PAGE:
At the very beginning of the visual novel, you’re given the option to play through the game with choices or as a linear, kinetic story. Regardless of which you go for, there is only one true ending – ‘wrong’ decisions will lead to false endings, which upon completion, will prompt you to restart the game. It’s worth noting that while there are 24 chapters, there is no chapter select, so when you restart, you’ll need to fast-forward until you get back to the decision that led you down that path. For that reason, I recommend that you manually save the game when you reach a decision so you can easily pick up from where you were without having to backtrack.
For the completionists amongst us, it would have been nice to have a list of these endings somewhere to signify that we’ve seen it, as is often common practice where multiple endings are involved, but that’s just a minor omission that didn’t take away from my enjoyment in any way. I enjoyed playing through all these routes, but I would have liked to have seen a couple more, with more player choices cropping up throughout the game. As engaging as the story was, even when playing through the visual novel, the story was pretty linear.
As I mentioned before, the story is told almost entirely through the eyes of six of the Gallo children. Children are often unreliable narrators, which gives Crime Opera a unique and varied narrative structure. In terms of context, Kevin, being Gerald’s oldest son, has the most to offer as his age brings about knowledge and maturity that some of the younger children simply don’t have. That doesn’t mean the other children don’t have anything to offer though. Through Shana we see the burden of being Xander’s oldest child and the protector of her siblings. Through Amy and her growing dependence on her ‘talking’ teddy bear, we see how trauma can impact a young child.
Each one of them has their own unique perspective and way of thinking, and that really shines through in the writing. Since the majority of Crime Opera is told through internal monologue, it was important to get this right, and the developers did a great job with this – reading through the thought process of six -year-old Amy was vastly different from reading through that of fifteen-year-old Kevin.
Experiencing the story through the eyes of the Gallo children means that there is a lot going on behind the scenes that they, and by extension, we don’t see. The game gives us the choice to experience the story this way or gain a little more insight by reading through the TIPS that come at the end of most chapters. These TIPS show you some of what is going on when the children aren’t around and mostly focus on Xander and Gerald. It’s entirely up to you whether you watch them though – both watching and skipping have their merits.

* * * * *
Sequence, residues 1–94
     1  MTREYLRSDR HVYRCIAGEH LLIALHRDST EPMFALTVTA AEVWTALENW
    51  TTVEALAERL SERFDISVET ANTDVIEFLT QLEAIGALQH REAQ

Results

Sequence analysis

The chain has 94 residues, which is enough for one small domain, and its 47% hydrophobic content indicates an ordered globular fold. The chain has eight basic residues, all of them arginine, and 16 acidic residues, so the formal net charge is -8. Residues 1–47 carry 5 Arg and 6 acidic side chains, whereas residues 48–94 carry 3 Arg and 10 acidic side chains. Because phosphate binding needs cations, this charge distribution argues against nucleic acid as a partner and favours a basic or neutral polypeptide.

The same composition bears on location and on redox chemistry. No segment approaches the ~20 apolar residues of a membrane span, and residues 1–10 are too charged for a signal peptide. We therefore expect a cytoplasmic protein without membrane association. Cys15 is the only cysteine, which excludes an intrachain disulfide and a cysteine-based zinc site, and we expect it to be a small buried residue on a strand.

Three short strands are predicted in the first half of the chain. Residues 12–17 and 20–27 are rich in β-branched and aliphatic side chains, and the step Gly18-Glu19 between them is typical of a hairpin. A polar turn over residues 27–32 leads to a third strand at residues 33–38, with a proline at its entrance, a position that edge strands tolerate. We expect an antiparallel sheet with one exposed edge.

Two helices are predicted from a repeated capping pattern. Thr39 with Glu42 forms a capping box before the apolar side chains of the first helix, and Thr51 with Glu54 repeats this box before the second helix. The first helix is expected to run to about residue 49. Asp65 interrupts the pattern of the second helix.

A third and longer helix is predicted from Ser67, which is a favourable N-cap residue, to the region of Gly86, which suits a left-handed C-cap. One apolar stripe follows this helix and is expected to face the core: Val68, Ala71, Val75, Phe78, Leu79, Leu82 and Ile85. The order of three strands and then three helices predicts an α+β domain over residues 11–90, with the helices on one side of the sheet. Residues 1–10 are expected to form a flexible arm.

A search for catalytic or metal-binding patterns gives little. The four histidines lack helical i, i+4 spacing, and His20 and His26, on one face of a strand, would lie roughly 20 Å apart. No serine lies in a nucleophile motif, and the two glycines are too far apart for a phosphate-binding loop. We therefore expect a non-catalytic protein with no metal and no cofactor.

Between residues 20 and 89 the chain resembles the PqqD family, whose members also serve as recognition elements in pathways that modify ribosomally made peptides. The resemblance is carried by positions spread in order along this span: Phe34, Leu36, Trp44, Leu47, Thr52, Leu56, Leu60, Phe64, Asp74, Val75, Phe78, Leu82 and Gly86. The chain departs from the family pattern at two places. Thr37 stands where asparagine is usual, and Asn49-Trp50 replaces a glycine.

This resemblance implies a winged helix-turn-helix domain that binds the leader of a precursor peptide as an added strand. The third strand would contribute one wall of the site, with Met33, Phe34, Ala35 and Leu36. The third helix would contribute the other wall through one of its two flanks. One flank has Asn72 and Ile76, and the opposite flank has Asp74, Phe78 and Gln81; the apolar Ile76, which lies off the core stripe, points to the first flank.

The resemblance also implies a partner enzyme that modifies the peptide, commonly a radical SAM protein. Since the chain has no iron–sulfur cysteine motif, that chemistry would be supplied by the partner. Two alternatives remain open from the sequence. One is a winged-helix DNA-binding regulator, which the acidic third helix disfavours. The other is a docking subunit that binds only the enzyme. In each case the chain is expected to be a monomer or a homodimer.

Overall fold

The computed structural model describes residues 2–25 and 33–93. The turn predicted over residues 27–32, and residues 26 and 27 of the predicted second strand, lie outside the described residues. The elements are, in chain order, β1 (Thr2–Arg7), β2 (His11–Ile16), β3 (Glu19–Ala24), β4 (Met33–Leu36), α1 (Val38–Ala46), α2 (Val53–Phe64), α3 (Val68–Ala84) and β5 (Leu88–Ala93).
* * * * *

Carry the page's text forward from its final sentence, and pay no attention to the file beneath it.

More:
The aim of Crime Opera: The Butterfly Effect is not so much to tell a whole story as it is to set the scene and introduce us to the cast of characters we will follow forward in future titles. This entry is the first in a proposed series of six visual novels following the Gallo children through to old age, so there is plenty of time for the characters to grow, change, and, given the nature of the story, probably suffer a whole lot more.
While it might suffer from a few technical glitches, the story and writing that underpin it more than made up for it, in my opinion. The music is great, as is the artwork, but as I mentioned earlier, I’d have liked to have seen more of it. Dark themes are prevalent throughout – in a story about a crime family, that is to be expected – so it’s definitely not everyone’s cup of tea, but by the time I reached the end, I was left wanting more, so needless to say, I’ll be keeping an eye out for the sequel.
Developer: Crime Opera Studios, Ratalaika Games
Platforms: Switch, Xbox One, Xbox Series X|S
Release Date: 28th April 2021
Gaming Respawn’s copy of Crime Opera: The Butterfly Effect was provided by the publisher.